I am confused whether you can copy records into a new table in MonetDB.

The official documentation seems to talk only about copying into existing tables. I have quite a large universe of billions of records in dozens of tables, and I would much prefer a solution that inferred the type from the CSV itself, and the column names from the first rows.

A StackOverflow answer seems to work for SQL Server 2000 with OpenRowset, though even they are not concerned about data-type inferencing.

Another answer here on DBA recommends BCP before calling BULK INSERT in Server 2000, neither of which is discussed in the MonetDB documentation.

Other answers also suggest that this is impossible in MySQL without external scripts.

Disclaimer: I am an SQL and MonetDB newbie, but thanks for not letting me miss the obvious.


Indeed, the COPY INTO requires a CREATE TABLE beforehand. As of right now, there is no generic way to infer a schema. The main issue here is the massive diversity of CSV encodings.

That being said, the MonetDB.R connector does support schema "guessing" through the monetdb.read.csv function.

Also, I have been working on a Python script to automate the CSV loading task. The script (importer.py) is available from my CWI page. It works as follows:

./importer.py -h
usage: importer.py [-h] [--database DATABASE] [--port PORT] [--user USER]
                   [--password PASSWORD] [--header] [--yes]
                   files [files ...]

A "smarter" CSV loader for MonetDB, v.0.3, hannes@cwi.nl, 2014-05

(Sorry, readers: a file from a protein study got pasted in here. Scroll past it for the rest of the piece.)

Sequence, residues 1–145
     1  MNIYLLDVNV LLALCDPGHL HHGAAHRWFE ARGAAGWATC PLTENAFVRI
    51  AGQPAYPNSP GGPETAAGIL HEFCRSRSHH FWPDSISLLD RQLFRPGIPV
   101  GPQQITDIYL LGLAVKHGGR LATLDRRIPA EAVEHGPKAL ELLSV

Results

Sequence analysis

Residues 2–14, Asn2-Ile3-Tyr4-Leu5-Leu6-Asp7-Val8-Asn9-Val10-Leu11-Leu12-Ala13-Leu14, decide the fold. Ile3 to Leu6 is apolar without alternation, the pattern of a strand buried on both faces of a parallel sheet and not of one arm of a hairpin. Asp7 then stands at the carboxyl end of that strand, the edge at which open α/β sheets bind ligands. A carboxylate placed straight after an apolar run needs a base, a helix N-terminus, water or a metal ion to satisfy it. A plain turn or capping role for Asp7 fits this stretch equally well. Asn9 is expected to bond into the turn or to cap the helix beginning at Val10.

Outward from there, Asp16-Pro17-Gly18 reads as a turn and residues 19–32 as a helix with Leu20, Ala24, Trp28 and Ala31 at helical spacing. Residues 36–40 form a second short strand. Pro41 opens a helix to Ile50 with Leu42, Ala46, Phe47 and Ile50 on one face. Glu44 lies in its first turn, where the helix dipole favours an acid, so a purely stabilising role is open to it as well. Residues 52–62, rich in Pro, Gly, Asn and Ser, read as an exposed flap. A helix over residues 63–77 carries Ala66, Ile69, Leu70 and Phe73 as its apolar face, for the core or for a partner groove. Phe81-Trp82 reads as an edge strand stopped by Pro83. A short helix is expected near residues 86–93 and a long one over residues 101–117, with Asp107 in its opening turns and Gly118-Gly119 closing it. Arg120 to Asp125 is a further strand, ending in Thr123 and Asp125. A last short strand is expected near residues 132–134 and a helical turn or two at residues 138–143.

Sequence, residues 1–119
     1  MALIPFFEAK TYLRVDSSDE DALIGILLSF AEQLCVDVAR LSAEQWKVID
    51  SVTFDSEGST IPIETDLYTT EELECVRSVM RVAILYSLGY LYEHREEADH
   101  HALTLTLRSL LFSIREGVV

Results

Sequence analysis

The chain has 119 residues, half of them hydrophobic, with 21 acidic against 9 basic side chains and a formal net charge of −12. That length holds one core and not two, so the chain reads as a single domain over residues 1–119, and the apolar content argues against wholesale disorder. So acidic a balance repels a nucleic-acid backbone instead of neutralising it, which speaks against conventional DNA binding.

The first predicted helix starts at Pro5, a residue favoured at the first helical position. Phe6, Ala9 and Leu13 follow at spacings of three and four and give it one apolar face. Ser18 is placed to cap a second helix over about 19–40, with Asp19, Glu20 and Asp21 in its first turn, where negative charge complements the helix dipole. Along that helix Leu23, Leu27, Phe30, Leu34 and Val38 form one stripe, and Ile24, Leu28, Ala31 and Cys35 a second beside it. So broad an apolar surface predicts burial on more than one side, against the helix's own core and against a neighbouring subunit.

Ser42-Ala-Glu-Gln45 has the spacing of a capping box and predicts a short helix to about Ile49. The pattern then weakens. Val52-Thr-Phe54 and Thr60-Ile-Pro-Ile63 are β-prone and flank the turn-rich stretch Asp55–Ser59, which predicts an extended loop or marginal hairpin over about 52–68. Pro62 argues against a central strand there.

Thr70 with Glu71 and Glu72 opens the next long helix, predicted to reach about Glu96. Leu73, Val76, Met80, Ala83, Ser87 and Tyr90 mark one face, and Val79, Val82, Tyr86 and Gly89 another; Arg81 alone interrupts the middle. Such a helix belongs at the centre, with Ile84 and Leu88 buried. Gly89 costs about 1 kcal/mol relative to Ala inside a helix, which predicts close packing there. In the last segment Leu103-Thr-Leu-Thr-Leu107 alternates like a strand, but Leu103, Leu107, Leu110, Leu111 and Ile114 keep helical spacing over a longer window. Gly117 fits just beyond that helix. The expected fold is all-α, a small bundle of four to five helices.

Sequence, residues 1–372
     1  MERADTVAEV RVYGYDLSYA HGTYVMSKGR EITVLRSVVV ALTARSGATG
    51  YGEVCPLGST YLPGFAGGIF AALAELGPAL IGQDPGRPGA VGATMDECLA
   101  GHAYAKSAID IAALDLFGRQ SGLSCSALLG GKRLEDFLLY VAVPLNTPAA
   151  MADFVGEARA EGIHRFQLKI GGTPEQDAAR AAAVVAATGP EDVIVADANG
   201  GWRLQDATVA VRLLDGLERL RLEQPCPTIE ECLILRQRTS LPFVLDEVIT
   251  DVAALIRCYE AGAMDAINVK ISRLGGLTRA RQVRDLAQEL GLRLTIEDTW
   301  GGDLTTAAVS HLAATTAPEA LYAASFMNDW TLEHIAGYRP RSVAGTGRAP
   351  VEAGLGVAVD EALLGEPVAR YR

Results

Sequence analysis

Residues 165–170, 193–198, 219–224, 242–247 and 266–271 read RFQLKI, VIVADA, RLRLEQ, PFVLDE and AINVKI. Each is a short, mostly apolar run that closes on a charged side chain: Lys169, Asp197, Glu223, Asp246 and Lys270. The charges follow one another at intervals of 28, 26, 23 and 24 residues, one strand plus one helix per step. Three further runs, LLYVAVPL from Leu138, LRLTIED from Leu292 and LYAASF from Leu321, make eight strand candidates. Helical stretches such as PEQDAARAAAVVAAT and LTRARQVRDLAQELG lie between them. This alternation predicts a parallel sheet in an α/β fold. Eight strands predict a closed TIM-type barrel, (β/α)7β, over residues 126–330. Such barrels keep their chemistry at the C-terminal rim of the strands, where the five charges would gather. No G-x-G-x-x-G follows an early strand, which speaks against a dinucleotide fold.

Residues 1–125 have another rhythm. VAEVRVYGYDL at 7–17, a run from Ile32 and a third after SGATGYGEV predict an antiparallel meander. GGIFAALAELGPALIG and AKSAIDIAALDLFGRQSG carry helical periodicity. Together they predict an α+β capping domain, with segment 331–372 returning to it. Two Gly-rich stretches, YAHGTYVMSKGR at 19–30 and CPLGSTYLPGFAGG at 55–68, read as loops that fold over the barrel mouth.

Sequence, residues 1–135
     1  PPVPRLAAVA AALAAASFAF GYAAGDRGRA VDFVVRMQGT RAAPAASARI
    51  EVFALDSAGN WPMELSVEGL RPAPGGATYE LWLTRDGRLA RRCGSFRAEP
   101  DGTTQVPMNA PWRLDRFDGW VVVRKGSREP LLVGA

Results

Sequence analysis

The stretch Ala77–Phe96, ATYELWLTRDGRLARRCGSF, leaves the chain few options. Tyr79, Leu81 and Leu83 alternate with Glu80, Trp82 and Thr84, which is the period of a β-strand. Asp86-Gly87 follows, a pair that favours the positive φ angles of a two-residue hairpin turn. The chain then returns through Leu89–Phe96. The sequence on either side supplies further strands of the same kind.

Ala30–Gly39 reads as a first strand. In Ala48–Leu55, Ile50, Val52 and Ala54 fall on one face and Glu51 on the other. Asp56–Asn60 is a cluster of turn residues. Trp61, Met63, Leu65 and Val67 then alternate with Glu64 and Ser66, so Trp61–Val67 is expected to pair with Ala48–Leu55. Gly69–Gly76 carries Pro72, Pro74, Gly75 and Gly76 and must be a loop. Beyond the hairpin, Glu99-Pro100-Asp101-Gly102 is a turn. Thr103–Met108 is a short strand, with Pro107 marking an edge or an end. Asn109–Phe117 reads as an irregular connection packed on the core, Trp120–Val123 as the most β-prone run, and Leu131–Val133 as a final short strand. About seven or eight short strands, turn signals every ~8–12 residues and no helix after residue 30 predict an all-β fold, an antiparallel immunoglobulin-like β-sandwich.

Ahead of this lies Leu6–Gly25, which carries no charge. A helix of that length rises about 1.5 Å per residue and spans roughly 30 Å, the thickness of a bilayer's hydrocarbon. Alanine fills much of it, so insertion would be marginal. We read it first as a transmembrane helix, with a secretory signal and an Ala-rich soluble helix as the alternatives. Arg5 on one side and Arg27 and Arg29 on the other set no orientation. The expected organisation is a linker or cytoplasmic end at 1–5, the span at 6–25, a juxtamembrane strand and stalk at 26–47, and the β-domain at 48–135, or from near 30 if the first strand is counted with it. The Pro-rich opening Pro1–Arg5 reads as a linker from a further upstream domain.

positional arguments:
  files                One or many CSV files to be imported

optional arguments:
  -h, --help           show this help message and exit
  --database DATABASE  Database name to connect to
  --port PORT          MonetDB TCP port, defaults to 50000
  --user USER          MonetDB username, defaults to "monetdb"
  --password PASSWORD  MonetDB password, defaults to "monetdb"
  --header             set if given CSV file has a header in the first line
  --yes                if set, assume Yes on all questions

Usage example:

./importer.py --database acs ~/Desktop/adult.csv
Now probing '/ufs/hannes/Desktop/adult.csv':

OK, I am going to run the following commands on your DB acs:

COPY 35469 OFFSET 1 RECORDS INTO adult5 FROM '/ufs/hannes/Desktop/adult.csv' USING DELIMITERS ',','\n','"' NULL AS '' LOCKED;

Proceed? [Y/n] y
imported 30162 rows from /ufs/hannes/Desktop/adult.csv in 3 second(s)

If there are any problems, please let me know.

| improve this answer | |
  • This is truly great. There is one other stupid thing. In many cases the files are simply similar tables but for different years. But the crucial 'year' column is not in the data, it can only be inferred from the file name (ending). How would you suggest I deal with this? (e.g. in a Python wrapper) – László May 15 '14 at 10:21
  • 2
    Say you have tables data_2005, data_2006 and so on, all with the same schema. I would use said Python script to import all of them. Then, ask the catalog for their names, e.g. SELECT name FROM tables WHERE name LIKE 'data_%';. Now, add a year column for each of them, e.g. ALTER TABLE data_2005 ADD COLUMN "year" INTEGER; UPDATE data_2005 SET "year" = 2005;. Finally, combine all of them with CREATE TABLE data AS SELECT * FROM data_2005 UNION ALL SELECT * FROM data_2006 UNION ALL [...] WITH DATA; – Hannes Mühleisen May 15 '14 at 12:02
  • Thanks, this sounds great — but are you implying that there is no other way but to repeat the code for each year manually? That cannot be scripted? Thanks again, greatly appreciated. – László May 15 '14 at 21:36
  • For the Python script, I get a "too few arguments" error if I call it following your usage example. This is with Python 2.7.5 under Windows Server 2012. What am I missing? Thanks! – László May 17 '14 at 0:28
  • Actually, even importer.py -h raises error: too few arguments after detailing the usage. Is this easy to fix? – László May 17 '14 at 14:18

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